Optical Properties of Mixtures
How to obtain the effective
dielectric constant?
To find these variables Maxwell's
equations must be solved for
electrostatic :
Geometry must be known and
generally requires an expensive
calculation
Effective Medium Theories
• Maxwell-Garnet

Cavidad [2]
 paralelo al eje

 perpendicular
Esfera
⅓
⅓
Cilindro
0
½
Placa
1
0
Elipsoide de ejes
 ,  y 
[2] O. Stenzel, The Physics of Thin Film Optical Spectra Springer Series in Surface
Sciences Volume 44 (2005)
Effective Medium Theories
• Lorentz- Lorenz [2]
 = 1 
• Bruggeman [2]
 =  
• Looyenga-Landau-Lifshithz [3]
 ~

[2] O. Stenzel, The Physics of Thin Film Optical Spectra Springer Series in Surface Sciences Volume 44 (2005)
[3] L.D. Landau, E.M. Lifshitz, Electrodynamics of Continuous Media, 2nd. Edition (vol. 8), Elsevier, Burlington,
1984.
Effective Medium Theories
Limits

paralell

Perpendicular
Esfer
⅓
⅓
Cylinder
0
½
Plate
1
0
Cavidad [2]
Effective Medium Theories
7
Silicon nreal
6
Silicon nimag
Alumina
5
Refractive index of silicon
and alumina [4].
4
Alumina is transparent!
3
= 
2
1
0
200
300
400
500
600
700
 [nm]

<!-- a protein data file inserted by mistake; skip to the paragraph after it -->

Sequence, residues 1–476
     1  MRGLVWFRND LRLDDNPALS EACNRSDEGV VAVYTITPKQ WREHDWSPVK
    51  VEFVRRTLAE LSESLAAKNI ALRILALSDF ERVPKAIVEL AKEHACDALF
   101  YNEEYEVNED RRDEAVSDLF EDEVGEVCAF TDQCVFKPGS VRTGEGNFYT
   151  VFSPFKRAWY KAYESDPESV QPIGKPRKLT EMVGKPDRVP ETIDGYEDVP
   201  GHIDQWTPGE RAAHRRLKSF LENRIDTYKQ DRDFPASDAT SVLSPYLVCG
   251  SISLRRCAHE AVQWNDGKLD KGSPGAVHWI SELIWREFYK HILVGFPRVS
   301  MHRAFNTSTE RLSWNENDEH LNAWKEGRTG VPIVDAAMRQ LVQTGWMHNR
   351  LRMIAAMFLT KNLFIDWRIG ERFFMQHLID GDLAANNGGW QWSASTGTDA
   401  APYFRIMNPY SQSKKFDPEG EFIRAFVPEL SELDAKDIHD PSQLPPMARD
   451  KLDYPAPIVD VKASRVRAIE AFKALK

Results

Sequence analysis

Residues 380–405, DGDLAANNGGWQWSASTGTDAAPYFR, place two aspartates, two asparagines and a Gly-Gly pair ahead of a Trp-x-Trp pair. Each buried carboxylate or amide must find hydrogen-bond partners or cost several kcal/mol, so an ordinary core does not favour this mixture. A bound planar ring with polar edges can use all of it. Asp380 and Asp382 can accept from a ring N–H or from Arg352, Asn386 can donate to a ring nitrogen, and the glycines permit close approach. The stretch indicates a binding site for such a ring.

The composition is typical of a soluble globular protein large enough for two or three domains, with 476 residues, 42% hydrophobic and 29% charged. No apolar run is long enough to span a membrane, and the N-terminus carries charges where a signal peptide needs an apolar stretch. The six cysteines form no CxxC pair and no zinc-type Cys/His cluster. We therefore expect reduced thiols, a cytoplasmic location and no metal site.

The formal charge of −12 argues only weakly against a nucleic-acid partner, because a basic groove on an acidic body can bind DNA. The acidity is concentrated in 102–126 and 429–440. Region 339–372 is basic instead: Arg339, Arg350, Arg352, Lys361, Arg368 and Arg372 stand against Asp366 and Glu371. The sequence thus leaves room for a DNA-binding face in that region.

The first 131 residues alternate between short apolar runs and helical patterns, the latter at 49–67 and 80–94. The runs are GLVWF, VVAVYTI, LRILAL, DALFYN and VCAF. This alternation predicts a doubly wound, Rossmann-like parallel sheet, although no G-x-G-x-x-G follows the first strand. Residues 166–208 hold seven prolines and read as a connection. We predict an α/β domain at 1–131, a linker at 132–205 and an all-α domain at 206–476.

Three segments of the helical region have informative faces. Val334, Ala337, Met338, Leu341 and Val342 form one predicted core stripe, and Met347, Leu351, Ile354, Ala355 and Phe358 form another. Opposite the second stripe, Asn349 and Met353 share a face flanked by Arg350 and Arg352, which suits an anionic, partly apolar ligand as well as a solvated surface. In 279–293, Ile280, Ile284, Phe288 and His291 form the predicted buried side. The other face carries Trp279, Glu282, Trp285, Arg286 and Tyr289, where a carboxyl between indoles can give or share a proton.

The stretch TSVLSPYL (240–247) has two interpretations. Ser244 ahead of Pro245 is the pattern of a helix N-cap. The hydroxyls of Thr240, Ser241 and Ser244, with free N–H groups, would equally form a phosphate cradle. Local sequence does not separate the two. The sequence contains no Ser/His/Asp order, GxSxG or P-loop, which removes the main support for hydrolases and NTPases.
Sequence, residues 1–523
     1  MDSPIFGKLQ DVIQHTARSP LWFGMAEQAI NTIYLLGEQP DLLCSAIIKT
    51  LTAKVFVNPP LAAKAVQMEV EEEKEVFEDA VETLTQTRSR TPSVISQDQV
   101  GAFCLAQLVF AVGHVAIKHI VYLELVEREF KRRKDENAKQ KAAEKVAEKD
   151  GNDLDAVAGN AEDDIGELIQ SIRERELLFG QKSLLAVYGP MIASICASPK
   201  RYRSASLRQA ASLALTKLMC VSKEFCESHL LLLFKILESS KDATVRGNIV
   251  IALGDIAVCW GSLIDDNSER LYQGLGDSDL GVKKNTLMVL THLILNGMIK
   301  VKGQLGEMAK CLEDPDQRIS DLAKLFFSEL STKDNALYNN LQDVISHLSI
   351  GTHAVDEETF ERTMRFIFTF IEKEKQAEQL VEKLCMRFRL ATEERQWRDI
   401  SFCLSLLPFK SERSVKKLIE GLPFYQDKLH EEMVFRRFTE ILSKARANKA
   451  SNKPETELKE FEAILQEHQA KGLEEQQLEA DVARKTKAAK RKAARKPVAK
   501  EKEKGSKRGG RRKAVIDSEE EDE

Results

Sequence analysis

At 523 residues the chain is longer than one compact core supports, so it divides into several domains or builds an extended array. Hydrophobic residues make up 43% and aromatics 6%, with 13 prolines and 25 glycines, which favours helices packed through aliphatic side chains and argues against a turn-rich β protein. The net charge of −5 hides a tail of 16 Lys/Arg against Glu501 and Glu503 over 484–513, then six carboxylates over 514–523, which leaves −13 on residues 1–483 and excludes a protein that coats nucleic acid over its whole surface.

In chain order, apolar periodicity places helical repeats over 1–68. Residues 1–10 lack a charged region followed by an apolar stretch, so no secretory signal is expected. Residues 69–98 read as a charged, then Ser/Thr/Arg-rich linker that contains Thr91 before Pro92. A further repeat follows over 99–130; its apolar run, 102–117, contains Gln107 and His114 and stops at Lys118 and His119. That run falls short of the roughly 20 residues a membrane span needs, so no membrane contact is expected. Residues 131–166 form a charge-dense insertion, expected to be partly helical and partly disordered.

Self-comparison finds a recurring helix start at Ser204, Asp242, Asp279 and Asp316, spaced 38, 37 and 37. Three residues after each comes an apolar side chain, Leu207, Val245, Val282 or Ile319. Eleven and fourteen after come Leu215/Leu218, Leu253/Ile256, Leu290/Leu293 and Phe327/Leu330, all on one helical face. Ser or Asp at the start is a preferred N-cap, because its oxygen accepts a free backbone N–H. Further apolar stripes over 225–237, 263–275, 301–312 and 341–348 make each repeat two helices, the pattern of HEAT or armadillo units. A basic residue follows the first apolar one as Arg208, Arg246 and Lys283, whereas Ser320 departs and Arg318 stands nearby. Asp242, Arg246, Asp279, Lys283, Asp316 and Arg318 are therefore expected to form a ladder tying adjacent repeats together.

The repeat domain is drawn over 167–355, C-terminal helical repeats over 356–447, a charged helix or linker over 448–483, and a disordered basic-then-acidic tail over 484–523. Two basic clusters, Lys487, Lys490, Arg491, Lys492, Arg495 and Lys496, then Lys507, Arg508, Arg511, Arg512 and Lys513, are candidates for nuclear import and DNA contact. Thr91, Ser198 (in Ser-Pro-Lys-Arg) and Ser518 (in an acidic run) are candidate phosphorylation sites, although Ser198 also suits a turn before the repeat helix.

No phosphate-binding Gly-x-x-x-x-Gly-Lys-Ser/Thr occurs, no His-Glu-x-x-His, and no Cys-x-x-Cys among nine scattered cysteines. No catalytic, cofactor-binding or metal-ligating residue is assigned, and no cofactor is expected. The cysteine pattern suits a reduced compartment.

[4]
800
900
1000
1100
1200
Effective Medium Theories
Example case I:
4
Porous Silicon + Air
3.5
Effective refractive index
@ = 1000
L=1/3
Maxwell-Garnet
Bruggeman
Looyenga
3
2.5
2
1.5
1
0
0.1
0.2
0.3
0.4
0.5
0.6
Porosity
0.7
0.8
0.9
1
Effective Medium Theories
@ = 1000
L=1/2
1.7
1.6
Effective refractive index
Example case II:
Porous Alumina +
Isopropyl Alcohol
Depolarization factor L: 0.5
1.8
1.5
1.4
1.3
Maxwell-Garnet dry alumina
Maxwell-Garnet wet alumina
Bruggeman dry alumina
Burggeman wet alumina
1.2
1.1
1
0
0.1
0.2
0.3
0.4
0.5
0.6
Porosity
0.7
0.8
0.9
1
Optical Characterization
Spectroscopic reflectance of porous Silicon single layer
Optical Characterization
Spectroscopic reflectance of porous Silicon Bragg reflector
Spectroscopic Liquid Infiltration method
(SLIM)
1) Using FFT of the reflectance
spectrum we can obtain an
estimation of the optical width